This is the Madison. It is named after Madison Square Garden, where it was conceived, long ago when track racing in America was as big and popular as the Garden. It's hard to imagine that a sport once so beloved could fall practically into oblivion. It's especially amazing that it has happened to this sport. It's everything Americans love: speed, cutthroat tactics, crashing, thus bloodshed, and drama. What's not to love? Europeans love it - they call it The American Race, since it was born here. And here in its birthplace, it is practically disowned. Criminal.

Here in the Portland area, the racers use a track that exists only by the grace of an amazing local dairy that lends out its suburban acres as a park for the community. There are baseball fields, a bmx track, picnic tables and lots of other stuff. It's a bit of community philanthropy that you just don't see much of anymore. Oh, I'm sure it helps ice cream sales, but who else would devote 57 acres of prime suburban hill space to fun? Here's to Alpenrose Dairy. If you want to see the track where Portlanders come to try not to crash, go here:

There's a new track in LA. There's one in San Diego and one in the Bay Area. There's one in Redmond, north of Seattle, (it's kind of big, so there's not much bank to it - takes some of the yikes out of it). There's the big daddy in Trexlertown, PA. If there is one near you, check it out. The athletes are either unpaid or underpaid, so you won't have to pay much to get in (if anything), and they won't make you feel like a peon (like ____ fill in your least favorite professional athlete here). You won't be disappointed and you won't be bored.

And if you see my son there, pray for him. I have a feeling his angel is overworked.

Friday, June 10, 2005

The start of something mediocre

I am in a computer training class today. Since training classes go at the rate of the slowest learner in the class, I am left with some extra time. At one point, during the class, we were asked to write a sentence about Simone, who we learned was a very hairy cat. This is what I've written as of 10:50. This might be all I'll ever write about this particular subject. It might not.

Simone was a very hairy cat. She was so hairy we had to vacuum at least every two hours, sometimes more often in the spring. Once, we vacuumed too close to Larry the Chihuahua and lost him in the vacuum bag. When we pulled him out, he was covered with so much cat hair that he looked like a small, unkempt version of Simone. We call him Simonette for the rest of the day, which really pissed him off.

Now, a fancy business letter for your sales use:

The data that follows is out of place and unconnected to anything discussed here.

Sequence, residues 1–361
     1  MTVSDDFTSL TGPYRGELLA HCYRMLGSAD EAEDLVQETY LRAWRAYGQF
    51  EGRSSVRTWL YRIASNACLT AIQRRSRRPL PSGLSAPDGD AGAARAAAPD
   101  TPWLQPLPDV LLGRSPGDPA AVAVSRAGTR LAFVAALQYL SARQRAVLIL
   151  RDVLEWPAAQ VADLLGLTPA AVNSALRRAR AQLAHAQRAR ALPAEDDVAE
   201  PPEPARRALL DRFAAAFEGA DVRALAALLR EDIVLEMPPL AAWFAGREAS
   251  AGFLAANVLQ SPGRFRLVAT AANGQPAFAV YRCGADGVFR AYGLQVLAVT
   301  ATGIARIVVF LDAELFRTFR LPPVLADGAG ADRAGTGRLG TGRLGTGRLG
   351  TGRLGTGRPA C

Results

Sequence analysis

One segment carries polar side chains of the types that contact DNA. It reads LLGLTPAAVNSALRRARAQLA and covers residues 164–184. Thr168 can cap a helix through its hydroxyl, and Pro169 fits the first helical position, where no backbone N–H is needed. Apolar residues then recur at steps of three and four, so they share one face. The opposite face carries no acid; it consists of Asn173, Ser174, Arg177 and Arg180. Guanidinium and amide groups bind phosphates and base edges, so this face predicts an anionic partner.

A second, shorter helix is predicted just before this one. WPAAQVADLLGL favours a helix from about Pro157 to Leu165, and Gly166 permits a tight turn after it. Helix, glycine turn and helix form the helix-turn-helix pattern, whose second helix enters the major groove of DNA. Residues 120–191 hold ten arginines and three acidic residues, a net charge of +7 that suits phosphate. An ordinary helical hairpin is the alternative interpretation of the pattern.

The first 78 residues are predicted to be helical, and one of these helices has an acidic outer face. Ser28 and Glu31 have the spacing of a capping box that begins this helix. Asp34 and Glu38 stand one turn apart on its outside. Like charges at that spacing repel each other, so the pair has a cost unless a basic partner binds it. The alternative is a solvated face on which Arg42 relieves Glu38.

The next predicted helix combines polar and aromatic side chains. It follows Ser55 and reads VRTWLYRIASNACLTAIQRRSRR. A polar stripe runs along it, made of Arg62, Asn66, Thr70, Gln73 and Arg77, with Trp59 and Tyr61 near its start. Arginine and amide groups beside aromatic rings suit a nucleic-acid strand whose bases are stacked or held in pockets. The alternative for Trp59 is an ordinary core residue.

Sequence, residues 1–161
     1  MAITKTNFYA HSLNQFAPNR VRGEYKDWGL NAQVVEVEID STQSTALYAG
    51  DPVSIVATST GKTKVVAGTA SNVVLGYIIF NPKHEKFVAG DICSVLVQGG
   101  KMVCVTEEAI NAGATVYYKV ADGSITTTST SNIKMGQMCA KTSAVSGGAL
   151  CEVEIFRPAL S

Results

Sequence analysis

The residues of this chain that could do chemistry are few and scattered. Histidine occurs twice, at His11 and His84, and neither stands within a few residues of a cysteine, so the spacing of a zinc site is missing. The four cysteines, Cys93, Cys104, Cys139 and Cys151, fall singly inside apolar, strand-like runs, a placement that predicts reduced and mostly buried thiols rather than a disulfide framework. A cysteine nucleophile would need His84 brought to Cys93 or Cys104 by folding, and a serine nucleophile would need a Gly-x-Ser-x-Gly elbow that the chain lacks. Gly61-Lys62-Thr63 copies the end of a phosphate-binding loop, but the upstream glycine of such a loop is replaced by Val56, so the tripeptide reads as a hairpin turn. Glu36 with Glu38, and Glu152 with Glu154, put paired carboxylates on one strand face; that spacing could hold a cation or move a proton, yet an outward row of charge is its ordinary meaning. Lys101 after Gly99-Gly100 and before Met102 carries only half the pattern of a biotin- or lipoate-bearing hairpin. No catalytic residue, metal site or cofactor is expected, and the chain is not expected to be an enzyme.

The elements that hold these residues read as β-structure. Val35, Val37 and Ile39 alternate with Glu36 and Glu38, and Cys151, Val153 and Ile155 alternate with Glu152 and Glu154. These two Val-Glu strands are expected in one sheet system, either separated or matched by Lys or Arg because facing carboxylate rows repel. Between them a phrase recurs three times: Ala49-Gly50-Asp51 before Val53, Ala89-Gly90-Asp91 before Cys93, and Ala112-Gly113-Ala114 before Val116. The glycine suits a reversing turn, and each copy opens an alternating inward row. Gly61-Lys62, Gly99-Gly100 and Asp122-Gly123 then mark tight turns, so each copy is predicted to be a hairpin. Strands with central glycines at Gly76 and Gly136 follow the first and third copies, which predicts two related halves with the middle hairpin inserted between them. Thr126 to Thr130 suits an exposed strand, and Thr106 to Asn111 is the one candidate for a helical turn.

Harvey Spongehelmet
Supah Cool Industries
100 Main St.
Vancouver, WA 98660

Dear Harvey,

We are letting you in on the beginning of a new era in widgets! We are jumping up and down with excitement and guzzling champagne as we announce the premiere of our new, improved widget! This new widget will revolutionize the way you order, produce and sell your product, live your life, and communicate with your dog.

Our new, patented Purple Widget will increase your production efficiency by 120%, help you lose weight, and give your customers a new way to view your product – through a relaxing, purple haze.

And now, for the best part! If you order today, we are ready to give you a special, one-time only, 15% discount on your first order over 100 units. Hurry, Harvey, because this offer is only good for 30 days from the date of this offer.

We believe that this product is so superior that you will want to start with twice your normal unit order, as your sales will inevitably skyrocket as a result of the Purple Widget.

Please call us today to place your order.

Thursday, June 09, 2005

Animal Planet Owes Me $330. So Far.

I've tried to explain, or understand, my attachment to Animal Planet's series of shows about righteous cop-types saving starving, abused pets from bad guys, nurturing them back to heath and finding them new, loving, non-abusive homes so that they may live happily ever after, such as "Animal Precinct," filmed in New York and "Animal Cops," filmed in the wrecked streets of Detroit. (Detroit is my favorite, for the mangled cop-ese that the Detroit "Cops" use in describing their actions for the camera - lots of "I ascertained this," and "the perpetrator that," plus its fun to guess what the awesomely laid-back, corn-rowed dude is really thinking. He is deliciously inscrutable.)